It’s not news that fuel cell maker Ballard Power Systems (TSX,NASDAQ:BLDP) has been a shareholder disappointment both over the long haul as well as over the past year. But the stock could still make for a good investment, if the Vancouver-based could only navigate its pivot away from the auto market, says energy sector analyst Tim Nash.
Once worth $179 back in the year 2000, shares of Ballard Power have gone through a rocky ride, nosediving to the $2.00 range by 2009 before picking up steam over the back end of 2017. But since a recent high of $7.57 last November, BLDP has lost almost half of its value once again.
Last week, Ballard experienced a jump in share price due to an announcement that the hydrogen fuel cell company had passed testing by the US Federal Transit Administration, clearing the way for the company to equip more buses in California with its technology.
The move away from the auto market would be a wise one, says Nash, who sees the contest between hydrogen fuel cells and lithium ion cells in the auto sector as all but decided.
“I think a lot of people feel burned by energy storage companies,” says Nash, who writes the blog, The Sustainable Economist, in conversation with BNN Bloomberg. “[Ballard’s] technology is sound, but I think unfortunately they went heavy towards automobiles. They were looking at fitting every car with hydrogen fuel cells and having stations around the country just like we have gas stations, and that hasn’t really happened. I would say that the auto sector has really consolidated around lithium ion batteries as that sort of nice, easy electric play.”
“Everyone’s been waiting for the big breakthrough when it comes to batteries and energy storage, and I think where the market has landed is, ‘We’re going to go with the best technology which right now is lithium ion. We’re just going to make it as cheaply as possible.’ And that’s really the competitive play,” Nash says.
Earlier this month, Ballard announced it would be acquiring assets from Automotive Fuel Cell Cooperation Corporation (AFCC), itself a spin-off from Ballard in 2008 which was geared at hydrogen fuel cell research. AFCC was shuttered in June when owners Daimler AG and Ford Motor Company decided to move their fuel cell development back to Germany and the US, respectively.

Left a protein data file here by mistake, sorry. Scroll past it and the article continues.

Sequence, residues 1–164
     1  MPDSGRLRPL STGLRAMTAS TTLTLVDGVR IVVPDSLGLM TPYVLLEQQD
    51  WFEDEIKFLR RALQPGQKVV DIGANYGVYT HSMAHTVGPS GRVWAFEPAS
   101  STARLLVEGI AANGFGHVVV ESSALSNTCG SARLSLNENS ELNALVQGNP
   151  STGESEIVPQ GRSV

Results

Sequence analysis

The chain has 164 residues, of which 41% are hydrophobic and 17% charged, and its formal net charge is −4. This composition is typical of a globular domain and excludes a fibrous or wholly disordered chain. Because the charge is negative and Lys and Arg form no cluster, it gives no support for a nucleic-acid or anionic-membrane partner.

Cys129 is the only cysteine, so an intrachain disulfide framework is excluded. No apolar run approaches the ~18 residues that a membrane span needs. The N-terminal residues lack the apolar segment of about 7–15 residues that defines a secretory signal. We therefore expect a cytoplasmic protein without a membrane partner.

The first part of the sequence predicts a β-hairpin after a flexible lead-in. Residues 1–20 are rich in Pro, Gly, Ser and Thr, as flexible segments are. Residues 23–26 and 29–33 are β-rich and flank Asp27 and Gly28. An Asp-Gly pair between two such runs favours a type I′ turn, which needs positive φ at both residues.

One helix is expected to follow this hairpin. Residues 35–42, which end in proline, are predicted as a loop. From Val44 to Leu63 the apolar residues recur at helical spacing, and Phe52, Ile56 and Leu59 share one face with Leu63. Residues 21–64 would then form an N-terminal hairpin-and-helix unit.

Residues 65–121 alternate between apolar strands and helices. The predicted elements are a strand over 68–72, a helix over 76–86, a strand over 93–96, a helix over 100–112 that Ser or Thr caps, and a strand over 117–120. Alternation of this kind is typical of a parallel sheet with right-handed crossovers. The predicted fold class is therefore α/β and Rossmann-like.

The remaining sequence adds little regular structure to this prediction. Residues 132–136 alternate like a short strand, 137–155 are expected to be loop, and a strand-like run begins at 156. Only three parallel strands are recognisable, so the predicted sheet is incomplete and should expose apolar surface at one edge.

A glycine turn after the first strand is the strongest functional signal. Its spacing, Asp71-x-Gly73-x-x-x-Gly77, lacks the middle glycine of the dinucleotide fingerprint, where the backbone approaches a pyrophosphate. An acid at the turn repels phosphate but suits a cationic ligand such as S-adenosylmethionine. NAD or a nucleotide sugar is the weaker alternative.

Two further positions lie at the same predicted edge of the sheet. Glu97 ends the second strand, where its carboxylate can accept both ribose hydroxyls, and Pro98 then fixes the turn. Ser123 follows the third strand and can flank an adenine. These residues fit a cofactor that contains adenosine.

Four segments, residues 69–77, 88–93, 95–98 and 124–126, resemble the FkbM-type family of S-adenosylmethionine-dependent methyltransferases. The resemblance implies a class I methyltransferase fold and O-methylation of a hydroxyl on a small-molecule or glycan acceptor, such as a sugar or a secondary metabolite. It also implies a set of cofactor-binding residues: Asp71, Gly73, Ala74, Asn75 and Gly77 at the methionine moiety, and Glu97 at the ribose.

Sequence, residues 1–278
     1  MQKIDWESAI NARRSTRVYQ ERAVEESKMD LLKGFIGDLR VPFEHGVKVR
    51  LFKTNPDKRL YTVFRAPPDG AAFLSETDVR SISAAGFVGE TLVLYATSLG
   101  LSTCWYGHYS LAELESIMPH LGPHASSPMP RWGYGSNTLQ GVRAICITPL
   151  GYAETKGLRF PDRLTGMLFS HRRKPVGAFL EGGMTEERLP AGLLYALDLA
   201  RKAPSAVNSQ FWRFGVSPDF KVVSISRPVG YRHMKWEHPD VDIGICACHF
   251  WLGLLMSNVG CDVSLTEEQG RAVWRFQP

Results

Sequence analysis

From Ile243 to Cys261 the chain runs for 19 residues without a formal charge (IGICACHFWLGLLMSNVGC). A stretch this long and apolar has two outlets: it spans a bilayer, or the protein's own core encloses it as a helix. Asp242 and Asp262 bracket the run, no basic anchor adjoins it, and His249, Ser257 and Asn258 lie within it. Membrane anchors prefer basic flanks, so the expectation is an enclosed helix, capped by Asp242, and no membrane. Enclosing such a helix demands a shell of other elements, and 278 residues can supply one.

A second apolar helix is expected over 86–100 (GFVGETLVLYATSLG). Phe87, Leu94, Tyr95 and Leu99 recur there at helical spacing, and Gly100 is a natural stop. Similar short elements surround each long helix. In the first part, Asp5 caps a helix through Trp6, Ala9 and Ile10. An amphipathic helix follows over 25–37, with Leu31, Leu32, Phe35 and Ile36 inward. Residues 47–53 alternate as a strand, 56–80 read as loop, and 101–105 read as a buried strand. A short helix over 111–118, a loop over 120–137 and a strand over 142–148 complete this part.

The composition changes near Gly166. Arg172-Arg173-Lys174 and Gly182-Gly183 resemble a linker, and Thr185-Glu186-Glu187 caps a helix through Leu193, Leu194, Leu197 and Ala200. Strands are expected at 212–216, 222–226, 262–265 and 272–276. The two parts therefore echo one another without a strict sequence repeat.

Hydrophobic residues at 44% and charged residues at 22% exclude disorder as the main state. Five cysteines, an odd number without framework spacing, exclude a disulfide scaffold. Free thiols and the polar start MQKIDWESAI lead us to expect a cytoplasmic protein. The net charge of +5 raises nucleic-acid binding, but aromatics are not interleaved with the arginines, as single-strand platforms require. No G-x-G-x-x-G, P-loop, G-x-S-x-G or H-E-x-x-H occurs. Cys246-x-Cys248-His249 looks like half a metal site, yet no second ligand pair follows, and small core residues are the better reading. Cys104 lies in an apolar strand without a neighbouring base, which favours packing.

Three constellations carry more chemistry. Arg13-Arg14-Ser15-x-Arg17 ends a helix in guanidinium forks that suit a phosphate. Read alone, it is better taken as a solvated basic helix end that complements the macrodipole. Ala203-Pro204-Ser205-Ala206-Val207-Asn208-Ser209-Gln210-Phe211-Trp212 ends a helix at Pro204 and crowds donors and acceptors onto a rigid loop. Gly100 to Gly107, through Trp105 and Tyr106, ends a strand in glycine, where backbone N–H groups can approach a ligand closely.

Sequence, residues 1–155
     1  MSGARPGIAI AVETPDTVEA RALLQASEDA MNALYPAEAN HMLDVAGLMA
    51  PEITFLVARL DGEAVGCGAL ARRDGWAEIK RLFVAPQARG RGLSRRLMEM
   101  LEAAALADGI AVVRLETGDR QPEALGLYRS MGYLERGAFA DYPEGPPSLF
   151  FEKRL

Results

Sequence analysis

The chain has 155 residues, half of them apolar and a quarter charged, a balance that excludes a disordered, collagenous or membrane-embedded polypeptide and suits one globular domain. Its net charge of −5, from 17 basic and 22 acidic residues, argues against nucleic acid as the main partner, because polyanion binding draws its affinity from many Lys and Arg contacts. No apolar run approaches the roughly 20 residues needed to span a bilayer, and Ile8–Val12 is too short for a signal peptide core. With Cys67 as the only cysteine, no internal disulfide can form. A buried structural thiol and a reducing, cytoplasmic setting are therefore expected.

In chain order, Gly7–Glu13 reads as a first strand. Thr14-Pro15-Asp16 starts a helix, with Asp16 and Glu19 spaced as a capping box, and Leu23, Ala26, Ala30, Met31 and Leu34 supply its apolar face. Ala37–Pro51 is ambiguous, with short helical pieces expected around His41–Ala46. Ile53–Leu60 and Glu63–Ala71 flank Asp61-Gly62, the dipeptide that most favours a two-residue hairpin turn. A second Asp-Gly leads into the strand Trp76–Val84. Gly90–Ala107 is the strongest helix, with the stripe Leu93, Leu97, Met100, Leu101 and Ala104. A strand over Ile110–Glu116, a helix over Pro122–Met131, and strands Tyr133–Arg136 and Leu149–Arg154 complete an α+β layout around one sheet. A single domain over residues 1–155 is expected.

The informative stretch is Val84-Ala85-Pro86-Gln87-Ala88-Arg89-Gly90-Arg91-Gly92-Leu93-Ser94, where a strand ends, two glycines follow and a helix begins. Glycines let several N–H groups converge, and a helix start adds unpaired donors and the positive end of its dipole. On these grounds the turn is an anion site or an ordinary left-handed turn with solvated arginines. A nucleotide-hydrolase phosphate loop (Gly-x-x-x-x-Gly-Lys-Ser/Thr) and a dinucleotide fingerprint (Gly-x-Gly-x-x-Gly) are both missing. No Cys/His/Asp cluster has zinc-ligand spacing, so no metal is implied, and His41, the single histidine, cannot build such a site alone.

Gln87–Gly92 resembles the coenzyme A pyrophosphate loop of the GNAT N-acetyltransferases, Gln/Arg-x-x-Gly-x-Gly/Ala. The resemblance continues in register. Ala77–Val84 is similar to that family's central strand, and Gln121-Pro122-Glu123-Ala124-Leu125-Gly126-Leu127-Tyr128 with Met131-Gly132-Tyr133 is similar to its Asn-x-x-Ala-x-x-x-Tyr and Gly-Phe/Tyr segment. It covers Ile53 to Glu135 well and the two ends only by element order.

“This transaction accelerates the expansion of our fuel cell testing, production and lab capacity at a lower cost, compared to acquiring new equipment,” said Ballard President and CEO, Randy MacEwen, in a statement. “We view this acquisition as a high value and capital efficient transaction from a Ballard shareholder perspective, enabling us to accelerate production growth objectives more efficiently compared to the expected cost of procuring and installing new equipment with long associated lead times.”
Nash says that Ballard’s tech might be better suited to the international shipping market.
“I really worry about Ballard. I know they’re taking some steps to move a little bit more toward financial sustainability and profitability. Unfortunately, I think a lot of people bought them with this explosive growth in mind and that just simply isn’t happening in terms of the car market,” he says.
“Where I see much bigger opportunities when it comes to hydrogen are things like ships,” Nash says. “When it comes to marine power, right now they use a lot of this really heavy nasty diesel —they call it bunker fuel. To be able to shift from bunker fuel to hydrogen to me makes a lot of sense. Really, you’re looking for places where it’s centralized storage.”
“The biggest issue when it comes to cars is, how do you get it in people’s tanks? We’re not going to build all that infrastructure, so having it in a seaport where the ships are going to be anyway, to my mind, makes a lot more sense,” he says.